An Australian pig hunter warns that unless Albertans take a tough stand on feral wild boar, they will become a dangerous plague, destroying crops and livestock.
Scott Leggett said he has seen “mobs of pigs” destroy a farm’s crops in Australia in a matter of days.
“The pigs go in and eat the seed, the new sprouts. They can destroy an entire paddock of new crop,” said Leggett, who started hunting the feral wild boar in the Blue Mountains of New South Wales when he was 17.
“It costs billions of dollars in Australia every year,” said Leggett, who now lives in Calgary and works on the oil rigs with a temporary visa.
He said the problem is so bad in Australia that farmers will pay hunters to shoot the pests, which were introduced to the country years ago. Some groups can contain 200 to 300 feral pigs roaming the rural areas.
Leggett said the problem will continue to grow in Alberta unless the province changes its legislation to allow open season on wild boar that have escaped from farms.
“If they don’t have them and have an open season on feral pigs it is going to be as bad as Australia,” he said. “Pigs are going to destroy entire farms.”
Wild boar are considered to be domestic animals in Alberta when they are farmed and pests when they escape.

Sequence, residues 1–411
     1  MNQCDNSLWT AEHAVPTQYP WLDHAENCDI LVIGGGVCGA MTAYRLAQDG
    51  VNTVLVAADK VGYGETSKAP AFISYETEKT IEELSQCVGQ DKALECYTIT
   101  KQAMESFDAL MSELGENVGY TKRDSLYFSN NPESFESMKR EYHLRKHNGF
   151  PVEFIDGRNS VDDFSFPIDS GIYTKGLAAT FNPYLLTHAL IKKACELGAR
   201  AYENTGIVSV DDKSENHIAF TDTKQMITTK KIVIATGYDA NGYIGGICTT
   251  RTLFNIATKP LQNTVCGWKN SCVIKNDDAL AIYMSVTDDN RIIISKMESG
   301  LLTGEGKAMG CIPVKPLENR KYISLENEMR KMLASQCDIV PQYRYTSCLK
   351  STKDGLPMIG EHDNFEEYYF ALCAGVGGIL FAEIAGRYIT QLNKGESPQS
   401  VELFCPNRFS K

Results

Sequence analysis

Some counties and municipalities have bounties on them to encourage hunting, but there are no uniform rules and the animals have proved difficult to shoot.
In Australia, wild boar are partially contained by hunters like Leggett, who have special licences to kill and dress wild boar and sell them to local abattoirs.
The meat is then sold to Japan and Germany. Leggett said it’s possible to earn $5,000 to $20,000 a day killing wild boar and selling the meat.
Most hunters use specially trained dogs to corner and capture the wild boar. Leggett kills animals with a knife through the heart so as not to scare away other wild boar in the area.
“Pigs in Australia were introduced and have adapted to harsh climate and are large and dangerous,” he said. “They’re a lot bigger and meaner than the pigs here.”
However, he said they will grow larger and be harder to stop.
“If it was me, I would do whatever I could to eradicate them.”
Phil Merrill, Alberta’s rat and pest specialist, said the province has drafted new fencing rules for wild boar farmers in Alberta to help reduce the number of animals that escape from farms.
The regulations are winding their way through government, and he hopes they will be passed soon.
“It should have been through a long time ago,” said Merrill.
The proposed regulations would require tougher fencing standards for new operators but give existing operators five years to meet the new standards.
Merrill said the province can develop a control program once the fencing standards are implemented.
Lyle Marianchuk, head of Alberta Agriculture’s inspection and investigation branch, said a date has been set to discuss the “containment standards,” but he is not allowed to say when the discussions would take place.
Earl Hagman, who owns Hog Wild Specialties, a wild boar farm in Mayerthorpe, Alta., said government staff asked him about fencing regulations, but he hasn’t been told when new regulations will be announced.
“Hopefully they’re not going to come up with something that’s going to cost a million dollars and put me out of business,” said Hagman.